Wednesday, July 28, 2010

Stoddard's Fine Food & Ale: Pickles to Rabbit

Back in January, I first visited Stoddard's Fine Food & Ale, to attend a pre-opening cocktail party. It was a visually compelling restaurant and bar, with a fascinating architecture and decor, especially to a history buff like me. Though the restaurant was not fully completed, you still could perceive the totality of the image the owners were trying to present.

But due to multiple delays, months passed before the restaurant finally opened. And their "private club" still has not opened, though I was told it would open in September. I was recently invited to check out the restaurant, now that it has been open for a time. I was accompanied by Jackie, the Leather District Gourmet, and we were very curious what we would discover at Stoddard's.

The restaurant building was built around 1848, in a Greek Revival Style. "It’s been a corset store, sewing machine retailer, bait and tackle shop, and cutlery." The history is reflected in nearly every aspect of the restaurant, making this a fascinating stop for tourists or anyone interested in Boston history. On a Wednesday evening, the restaurant was quite busy, and there were almost no empty tables. I did not expect them to be so busy on a Wednesday, but obviously the restaurant has become quite popular.

Some might refer to Stoddard's as a gastropub, a term which can be vague but commonly refers to a bar with high quality food, a cut above the average pub fare. That definition is appropriate, as their cuisine is very good, and often better than what is usually found in bars and pubs. To elevate their cuisine, the owners chose Executive Chef Mark Cina to run their kitchen, and I believe they made a very good choice. Chef Cina has worked at places including Rendezvous, Craigie Street Bistrot, and Ivy.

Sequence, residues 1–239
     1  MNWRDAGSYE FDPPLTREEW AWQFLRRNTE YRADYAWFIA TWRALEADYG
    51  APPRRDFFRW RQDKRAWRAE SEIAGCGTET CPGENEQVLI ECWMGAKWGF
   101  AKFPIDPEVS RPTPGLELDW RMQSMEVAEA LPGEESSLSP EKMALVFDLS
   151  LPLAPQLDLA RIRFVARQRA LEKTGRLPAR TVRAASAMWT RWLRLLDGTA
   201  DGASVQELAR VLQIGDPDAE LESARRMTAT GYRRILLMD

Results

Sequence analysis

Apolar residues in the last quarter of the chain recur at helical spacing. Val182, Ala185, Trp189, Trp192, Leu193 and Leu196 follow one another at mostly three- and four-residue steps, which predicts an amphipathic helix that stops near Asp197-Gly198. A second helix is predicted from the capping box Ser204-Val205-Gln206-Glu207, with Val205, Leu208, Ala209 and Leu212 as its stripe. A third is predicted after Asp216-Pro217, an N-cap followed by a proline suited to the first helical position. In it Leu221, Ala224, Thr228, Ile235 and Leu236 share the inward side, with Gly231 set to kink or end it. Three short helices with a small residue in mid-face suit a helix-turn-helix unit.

Though before considering the food, I should begin with the beverages. First, they have a huge beer list, including about five cask ales. As I am not a beer aficianado, the list does not appeal to me but I certainly respect its diversity. For a beer lover, there is much to appreciate. Second, they have a full bar and have created a list of special cocktails, essentially using very old recipes. I tried their House Punch, which is made with bourbon, port and orange juice, and found it quite tasty. It was not overly sweet, having a bit more tartness, and with nice fruity flavors. The Moscow Mule, made from vodka, lime and ginger beer, was refreshing and delicious, with a prominent ginger taste. An excellent drink for a hot summer day.

Back to the food. The restaurant has a "by scratch" kitchen, meaning that nearly everything is made in-house. That definitely appeals to me, knowing that the food is prepared fresh and it not previously frozen or processed. The Menu consists of Hors D'Oeuvres, Appetizers (most $8-$11), Entrees (most $13-$25), and Side Dishes. Dishes are reasonably priced, considering the quality and quantity of food.